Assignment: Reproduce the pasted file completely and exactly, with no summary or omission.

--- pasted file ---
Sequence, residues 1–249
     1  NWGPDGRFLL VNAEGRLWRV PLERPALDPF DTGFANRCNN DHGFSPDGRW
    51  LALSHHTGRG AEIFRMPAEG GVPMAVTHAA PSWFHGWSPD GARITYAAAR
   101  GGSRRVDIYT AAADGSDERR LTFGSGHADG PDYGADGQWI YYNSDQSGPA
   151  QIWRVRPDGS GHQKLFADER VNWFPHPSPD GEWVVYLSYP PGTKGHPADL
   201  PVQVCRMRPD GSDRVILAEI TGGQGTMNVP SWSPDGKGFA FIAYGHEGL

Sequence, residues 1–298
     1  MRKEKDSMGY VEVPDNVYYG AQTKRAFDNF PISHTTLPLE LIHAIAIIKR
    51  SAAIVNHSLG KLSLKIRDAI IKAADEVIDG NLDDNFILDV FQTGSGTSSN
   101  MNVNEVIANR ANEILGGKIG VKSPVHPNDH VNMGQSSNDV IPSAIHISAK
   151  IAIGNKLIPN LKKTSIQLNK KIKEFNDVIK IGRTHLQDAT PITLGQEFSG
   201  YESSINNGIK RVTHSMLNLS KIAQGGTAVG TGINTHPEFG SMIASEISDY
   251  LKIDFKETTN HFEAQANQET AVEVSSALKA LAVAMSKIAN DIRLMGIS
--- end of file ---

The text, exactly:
Sequence, residues 1–249
     1  NWGPDGRFLL VNAEGRLWRV PLERPALDPF DTGFANRCNN DHGFSPDGRW
    51  LALSHHTGRG AEIFRMPAEG GVPMAVTHAA PSWFHGWSPD GARITYAAAR
   101  GGSRRVDIYT AAADGSDERR LTFGSGHADG PDYGADGQWI YYNSDQSGPA
   151  QIWRVRPDGS GHQKLFADER VNWFPHPSPD GEWVVYLSYP PGTKGHPADL
   201  PVQVCRMRPD GSDRVILAEI TGGQGTMNVP SWSPDGKGFA FIAYGHEGL

Sequence, residues 1–298
     1  MRKEKDSMGY VEVPDNVYYG AQTKRAFDNF PISHTTLPLE LIHAIAIIKR
    51  SAAIVNHSLG KLSLKIRDAI IKAADEVIDG NLDDNFILDV FQTGSGTSSN
   101  MNVNEVIANR ANEILGGKIG VKSPVHPNDH VNMGQSSNDV IPSAIHISAK
   151  IAIGNKLIPN LKKTSIQLNK KIKEFNDVIK IGRTHLQDAT PITLGQEFSG
   201  YESSINNGIK RVTHSMLNLS KIAQGGTAVG TGINTHPEFG SMIASEISDY
   251  LKIDFKETTN HFEAQANQET AVEVSSALKA LAVAMSKIAN DIRLMGIS